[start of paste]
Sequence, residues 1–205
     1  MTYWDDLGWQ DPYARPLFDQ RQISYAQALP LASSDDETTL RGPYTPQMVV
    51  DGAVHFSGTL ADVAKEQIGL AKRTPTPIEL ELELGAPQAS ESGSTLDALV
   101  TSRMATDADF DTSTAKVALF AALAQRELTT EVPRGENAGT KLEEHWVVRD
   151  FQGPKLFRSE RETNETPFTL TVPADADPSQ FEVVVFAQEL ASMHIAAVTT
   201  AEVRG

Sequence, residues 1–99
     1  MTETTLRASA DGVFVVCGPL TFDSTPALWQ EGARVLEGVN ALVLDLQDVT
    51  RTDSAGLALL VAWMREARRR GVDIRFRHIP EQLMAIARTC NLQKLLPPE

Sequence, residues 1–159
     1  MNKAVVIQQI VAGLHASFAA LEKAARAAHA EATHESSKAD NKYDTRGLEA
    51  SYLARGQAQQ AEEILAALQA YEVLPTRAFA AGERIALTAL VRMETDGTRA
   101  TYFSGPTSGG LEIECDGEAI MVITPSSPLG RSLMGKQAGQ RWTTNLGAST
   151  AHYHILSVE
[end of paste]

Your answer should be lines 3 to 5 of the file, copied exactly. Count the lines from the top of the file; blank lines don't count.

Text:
    51  DGAVHFSGTL ADVAKEQIGL AKRTPTPIEL ELELGAPQAS ESGSTLDALV
   101  TSRMATDADF DTSTAKVALF AALAQRELTT EVPRGENAGT KLEEHWVVRD
   151  FQGPKLFRSE RETNETPFTL TVPADADPSQ FEVVVFAQEL ASMHIAAVTT